River Thames to receive clean-up with new tunnel

Friday, March 23, 2007

River Thames (England) from the London Eye

At an event at Abbey Mills pumping station in Stratford, East London on March 22, 2007, UK Environment Minister Ian Pearson announced an ambitious project to clean up the River Thames in London.

A tunnel, 30 kilometres in length, will be built alongside the river to intercept sewage and stormwater runoff that flows into the Thames currently. The tunnel would shunt the wastewater to a treatment facility in East London. Some 52 million cubic metres of wastewater streams into the Thames each year.

Map of the River Thames

According to a Parliamentary Statement released March 22, the discharges kill fish, create a higher health hazard for users of the river and reduce the aesthetic appeal of the Thames.

“London today is more densely populated, and the greater urbanisation – such as the increase in paved areas – has led to more and faster rainwater run-off and, unfortunately, to an increase in storm overflows into the river," said David Owens, Thames Water’s Chief Executive Officer in a press release.

“London’s sewers are one of the great engineering wonders of the Victorian age and have served the capital well for more than 150 years," continued Owens.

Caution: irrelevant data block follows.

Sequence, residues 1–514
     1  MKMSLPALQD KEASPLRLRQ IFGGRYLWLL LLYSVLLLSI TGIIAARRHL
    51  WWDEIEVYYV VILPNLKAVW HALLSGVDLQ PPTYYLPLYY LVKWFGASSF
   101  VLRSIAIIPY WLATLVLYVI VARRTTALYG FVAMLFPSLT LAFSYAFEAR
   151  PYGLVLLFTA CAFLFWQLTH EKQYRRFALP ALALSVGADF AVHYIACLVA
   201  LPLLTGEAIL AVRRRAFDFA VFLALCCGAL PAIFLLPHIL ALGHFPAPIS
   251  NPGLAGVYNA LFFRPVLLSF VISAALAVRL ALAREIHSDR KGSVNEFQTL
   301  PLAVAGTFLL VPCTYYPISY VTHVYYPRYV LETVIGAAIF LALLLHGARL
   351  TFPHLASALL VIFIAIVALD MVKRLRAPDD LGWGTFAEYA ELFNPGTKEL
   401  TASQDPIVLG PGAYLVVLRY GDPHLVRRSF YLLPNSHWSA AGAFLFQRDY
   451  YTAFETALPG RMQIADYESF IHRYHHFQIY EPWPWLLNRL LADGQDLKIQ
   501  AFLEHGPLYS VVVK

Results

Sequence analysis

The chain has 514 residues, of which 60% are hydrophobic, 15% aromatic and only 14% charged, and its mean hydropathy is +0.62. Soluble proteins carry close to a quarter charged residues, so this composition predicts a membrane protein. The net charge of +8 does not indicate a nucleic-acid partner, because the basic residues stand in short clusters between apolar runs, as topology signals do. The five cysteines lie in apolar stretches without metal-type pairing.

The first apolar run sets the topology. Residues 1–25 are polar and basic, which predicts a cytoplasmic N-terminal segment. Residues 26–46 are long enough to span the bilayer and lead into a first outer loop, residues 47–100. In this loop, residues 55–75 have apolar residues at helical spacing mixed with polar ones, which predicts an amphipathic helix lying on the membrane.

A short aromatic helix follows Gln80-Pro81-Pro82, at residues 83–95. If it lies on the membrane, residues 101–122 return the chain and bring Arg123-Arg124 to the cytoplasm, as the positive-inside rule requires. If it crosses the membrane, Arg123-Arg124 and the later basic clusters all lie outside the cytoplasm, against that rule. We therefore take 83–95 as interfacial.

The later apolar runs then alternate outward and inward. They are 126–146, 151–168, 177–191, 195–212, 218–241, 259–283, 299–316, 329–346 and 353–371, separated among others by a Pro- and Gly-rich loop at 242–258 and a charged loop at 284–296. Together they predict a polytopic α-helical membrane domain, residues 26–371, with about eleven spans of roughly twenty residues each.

The tunnel is projected to cost a minimum £2 billion and would be considered the largest such project undertaken in Great Britain.

The announcement comes after six years of detailed study. Experts such as the Thames Tideway Strategic Study, consultants Jacobs Babtie, and Thames Water played a significant role in determining a solution. All recommended a tunnel under the Thames as the right approach to the problem.

"We haven't reached this decision in a vacuum," said Pearson. "A wide range of players have been instrumental in getting us to this point and I thank them all." Further work on the project, such as detailed design, planning and funding, will now follow.

I think most Londoners would be shocked to hear that...a huge amount of untreated sewage and rainwater is spilling into the Thames

—Ian Pearson

Funding the project, admits Pearson, may put a strain on ratepayers. "This will inevitably mean some extra costs for customers, but it will deliver tangible benefits for London in the long-term," said Pearson. It is estimated that it will add around £37 to Thames Water sewerage bills by 2017.

There has been criticism of projected expenses. "The costs will be met wholly through increases in consumers' bills," said David Bland, chairman of Consumer Council for Water Thames, in a BBC interview. He suggested the fees "will be far more than most are willing or expecting to pay."

Proceeding with the tunnel would not only improve the environmental quality of the Thames, suggests the government, it would also help satisfy European obligations on sewage treatment.

The project is expected to be completed by 2019/20.